A model-based approach to football strategy.
|December 17, 2007|
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With 2:19 left in the game, Philadelphia had 1st-and-10 at the Dallas 25-yard line, leading 10-6. Dallas had just called its final timeout. On the next play, Philadelphia running back Brian Westbrook broke free for what appeared to be an easy touchdown. However, rather than scoring, Westbrook downed himself at the 1-yard line. The clock ran down to the two-minute warning, and when play resumed, the Eagles took a knee three times to end the game.
Had Westbrook scored, Dallas's win probability would have been miniscule—we estimate roughly 0.003. Still, the consensus is that Westbrook's tactic reduced Dallas's chances to zero. His own coach Andy Reid described the tactic as brilliant. We disagree.
What if there had been a defensive penalty on the play? Was Westbrook certain there had not been one? Certainly the Eagles decline the penalty, retaining the ball at the 1-yard line, but the clock stops, and (by Rule 4-3-1) does not re-start until the next snap. With the two-minute warning still to come, Philadelphia cannot run out the clock by taking a knee. Unless the Eagles are able to score a touchdown, the Cowboys get the ball back with around a half-minute remaining, trailing by at most a touchdown. A foul by either team that occurs after the play (e.g. unsportsmanlike conduct) but before the two-minute warning would also frustrate Westbrook's plan.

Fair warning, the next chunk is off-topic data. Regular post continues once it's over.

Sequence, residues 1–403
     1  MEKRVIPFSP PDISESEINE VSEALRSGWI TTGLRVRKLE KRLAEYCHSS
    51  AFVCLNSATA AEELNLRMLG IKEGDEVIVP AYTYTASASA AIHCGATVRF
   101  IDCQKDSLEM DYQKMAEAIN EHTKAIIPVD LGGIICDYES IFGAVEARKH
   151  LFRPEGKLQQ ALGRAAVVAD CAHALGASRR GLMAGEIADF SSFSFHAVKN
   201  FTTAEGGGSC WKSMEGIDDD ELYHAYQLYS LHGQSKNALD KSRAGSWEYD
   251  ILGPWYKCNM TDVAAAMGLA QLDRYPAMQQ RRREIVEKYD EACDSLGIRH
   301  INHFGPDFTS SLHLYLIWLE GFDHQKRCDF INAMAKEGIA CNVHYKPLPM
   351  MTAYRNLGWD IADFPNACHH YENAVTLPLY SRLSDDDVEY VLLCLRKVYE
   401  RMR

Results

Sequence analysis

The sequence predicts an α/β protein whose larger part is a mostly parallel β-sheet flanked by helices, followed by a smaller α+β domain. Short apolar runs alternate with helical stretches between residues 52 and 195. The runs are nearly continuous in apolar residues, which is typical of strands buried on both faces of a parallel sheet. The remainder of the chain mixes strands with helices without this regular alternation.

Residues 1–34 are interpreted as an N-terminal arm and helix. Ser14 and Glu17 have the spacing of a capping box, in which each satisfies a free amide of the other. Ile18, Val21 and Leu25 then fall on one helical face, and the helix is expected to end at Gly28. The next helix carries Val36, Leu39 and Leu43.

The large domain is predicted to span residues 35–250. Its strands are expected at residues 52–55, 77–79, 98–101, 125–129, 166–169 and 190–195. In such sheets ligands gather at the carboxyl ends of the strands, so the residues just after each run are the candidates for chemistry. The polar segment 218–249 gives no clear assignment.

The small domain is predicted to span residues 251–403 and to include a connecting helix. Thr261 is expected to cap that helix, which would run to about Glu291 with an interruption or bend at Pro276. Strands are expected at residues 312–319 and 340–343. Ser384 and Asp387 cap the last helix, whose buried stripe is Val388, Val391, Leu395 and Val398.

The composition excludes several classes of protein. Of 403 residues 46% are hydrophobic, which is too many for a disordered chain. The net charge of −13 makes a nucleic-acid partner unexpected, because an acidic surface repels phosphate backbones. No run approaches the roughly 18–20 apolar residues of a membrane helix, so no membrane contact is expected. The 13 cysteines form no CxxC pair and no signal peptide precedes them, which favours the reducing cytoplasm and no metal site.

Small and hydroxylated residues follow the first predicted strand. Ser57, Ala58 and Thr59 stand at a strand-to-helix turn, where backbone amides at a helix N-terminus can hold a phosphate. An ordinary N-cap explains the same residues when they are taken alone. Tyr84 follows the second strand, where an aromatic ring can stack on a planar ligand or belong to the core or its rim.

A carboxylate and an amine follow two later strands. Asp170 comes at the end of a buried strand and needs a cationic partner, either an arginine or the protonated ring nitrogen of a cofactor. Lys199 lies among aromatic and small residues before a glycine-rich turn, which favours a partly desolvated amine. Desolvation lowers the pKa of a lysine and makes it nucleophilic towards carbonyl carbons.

Indeed, Westbrook's tactic definitely fails against a team coached by a reader of this Web site. As we described in detail in a previous article, the Cowboys don't have to hope that there was a penalty on the play. They can foul intentionally after Westbrook downs himself. The penalty moves the ball half the distance to the goal, but as long as the Cowboys foul before the clock reaches 2:00, they still have a chance to win. We have pointed out several cases in which an intentional foul could have been used this way, most recently in our 2007 Week 9 Strategy Review.
We believe strongly that there are circumstances in which a ballcarrier should down himself deliberately instead of scoring. See, for example, our analysis of Minnesota at New Orleans in Week 6 of the 2004 season, or our remarks about an Emmitt Smith scoring run in a article at Football Outsiders. However, these cases have to thought through carefully by the coaching staff.
At the end of regulation, with the ball about a foot from Miami's goal line, Baltimore coach Brian Billick elected to kick a field goal to send the game into overtime rather than go for a touchdown. This decision has been so thoroughly panned by commentators that we need not add any additional criticism. We merely want to point out that Billick's decision is identical to the decision faced by Kansas City coach Dick Vermiel in Week 9 of the 2005 season. At that time we hoped that the praise Vermiel received for making the right decision would lessen coaches' fear of being second guessed in similar situations. Evidently those hopes were unjustified.
Copyright © 2007 by William S. Krasker